Louisiana lawmakers socking away much of surplus in savings
BATON ROUGE, La. (AP) — While their predecessors traditionally spent every surplus dollar available to them, Louisiana’s lawmakers are taking a different approach this term, steering more of a nearly $535 million surplus to savings than the constitution requires.
With a 100-0 vote Thursday, the House gave final passage and sent Gov. John Bel Edwards a state construction budget that doesn’t spend all the surplus money on the table. Instead, the House and Senate propose to sock away about $200 million more than required into savings accounts during the ongoing special session.
“My father always raised me if you make a dollar, you save 50 cents of it,” said House Ways and Means Chairman Stuart Bishop, the Lafayette Republican who handles the construction budget in the House.
Bishop was a driving force behind the Legislature’s decision to keep more surplus dollars unspent, an approach backed by House Speaker Clay Schexnayder and Senate President Page Cortez, both Republicans.
Nearly $535 million was left over when Louisiana closed the books on the 2018-19 budget year.
The Louisiana Constitution requires $53 million to pay down retirement debt, and another $134 million must flow to the state’s “rainy day” fund. The remaining $347 million could be spent by lawmakers on certain one-time items such as debt payments, construction work or coastal projects, or it could be put into the rainy day account.
Edwards proposed using all of the available $347 million on roadwork, coastal restoration projects and state building repairs that he said would help create jobs as Louisiana recovers from the coronavirus outbreak.
“At the end of the day, we have tremendous needs along our coast for coastal restoration, for levee work. We have transportation needs. I believe that, at the present, the better course of action would be to proceed with the projects in order to have some stimulative impact on the economy,” the Democratic governor said.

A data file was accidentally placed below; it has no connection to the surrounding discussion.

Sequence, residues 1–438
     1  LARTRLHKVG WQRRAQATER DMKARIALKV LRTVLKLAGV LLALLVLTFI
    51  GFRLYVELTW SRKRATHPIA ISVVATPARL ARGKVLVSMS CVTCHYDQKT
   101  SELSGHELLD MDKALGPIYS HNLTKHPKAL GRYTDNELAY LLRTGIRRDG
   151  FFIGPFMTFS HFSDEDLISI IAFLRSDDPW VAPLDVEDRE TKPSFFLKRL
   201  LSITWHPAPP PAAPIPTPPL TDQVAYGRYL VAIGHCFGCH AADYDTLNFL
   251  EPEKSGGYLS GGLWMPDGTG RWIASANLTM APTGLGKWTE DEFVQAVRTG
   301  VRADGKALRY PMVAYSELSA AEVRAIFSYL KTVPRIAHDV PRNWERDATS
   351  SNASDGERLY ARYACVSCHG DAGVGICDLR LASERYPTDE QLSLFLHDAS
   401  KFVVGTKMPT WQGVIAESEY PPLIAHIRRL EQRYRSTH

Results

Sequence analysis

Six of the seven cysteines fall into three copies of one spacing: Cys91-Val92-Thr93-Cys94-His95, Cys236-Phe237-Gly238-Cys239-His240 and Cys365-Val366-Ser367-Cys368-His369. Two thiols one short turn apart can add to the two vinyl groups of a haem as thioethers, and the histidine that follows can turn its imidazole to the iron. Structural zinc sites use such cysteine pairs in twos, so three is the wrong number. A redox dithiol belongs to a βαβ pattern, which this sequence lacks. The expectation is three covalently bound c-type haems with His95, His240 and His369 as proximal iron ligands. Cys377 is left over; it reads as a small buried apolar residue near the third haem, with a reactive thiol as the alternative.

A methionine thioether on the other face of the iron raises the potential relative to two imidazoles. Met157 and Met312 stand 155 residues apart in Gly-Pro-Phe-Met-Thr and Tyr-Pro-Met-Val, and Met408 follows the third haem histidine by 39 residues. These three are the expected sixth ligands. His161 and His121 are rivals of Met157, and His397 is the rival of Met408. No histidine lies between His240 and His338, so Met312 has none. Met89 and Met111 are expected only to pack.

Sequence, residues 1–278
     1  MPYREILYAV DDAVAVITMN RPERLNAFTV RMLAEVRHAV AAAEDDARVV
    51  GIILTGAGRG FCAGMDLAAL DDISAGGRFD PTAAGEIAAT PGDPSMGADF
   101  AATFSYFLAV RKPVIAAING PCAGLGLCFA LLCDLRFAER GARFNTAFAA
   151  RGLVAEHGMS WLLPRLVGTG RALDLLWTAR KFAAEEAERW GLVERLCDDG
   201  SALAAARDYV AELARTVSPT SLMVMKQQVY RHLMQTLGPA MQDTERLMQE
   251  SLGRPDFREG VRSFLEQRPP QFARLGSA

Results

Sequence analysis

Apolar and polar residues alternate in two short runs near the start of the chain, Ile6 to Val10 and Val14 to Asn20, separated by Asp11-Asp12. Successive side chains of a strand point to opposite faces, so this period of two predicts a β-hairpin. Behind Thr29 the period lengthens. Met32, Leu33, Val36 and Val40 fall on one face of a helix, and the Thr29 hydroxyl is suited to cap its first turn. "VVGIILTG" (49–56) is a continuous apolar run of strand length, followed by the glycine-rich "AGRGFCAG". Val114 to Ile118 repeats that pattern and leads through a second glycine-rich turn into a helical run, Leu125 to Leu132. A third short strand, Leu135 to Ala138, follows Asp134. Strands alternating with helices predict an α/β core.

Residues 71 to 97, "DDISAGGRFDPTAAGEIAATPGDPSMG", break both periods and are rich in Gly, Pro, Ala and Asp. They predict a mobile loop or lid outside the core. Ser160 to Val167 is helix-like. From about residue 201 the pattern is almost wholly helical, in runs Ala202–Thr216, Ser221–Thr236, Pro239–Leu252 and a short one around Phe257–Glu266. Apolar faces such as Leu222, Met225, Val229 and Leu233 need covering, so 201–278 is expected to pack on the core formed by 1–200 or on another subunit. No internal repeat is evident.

But rather than the full amount available, the majority-Republican Legislature used about $140 million of the surplus in the construction budget headed to the governor’s desk for roadwork and other projects.
The remaining $200 million in surplus cash would be split up, under legislation moving in the House and Senate. About $90 million would be sent to the rainy day fund, on top of the $134 million already required to flow into the savings account.
The other dollars would pour into a different set-aside fund. Plans for that money — whether to spend it on construction work or send it to the rainy day fund — would be decided later. Lawmakers say they want to track Louisiana’s economic recovery from the COVID-19 disease caused by the coronavirus before they determine if they should spend or permanently save those dollars.
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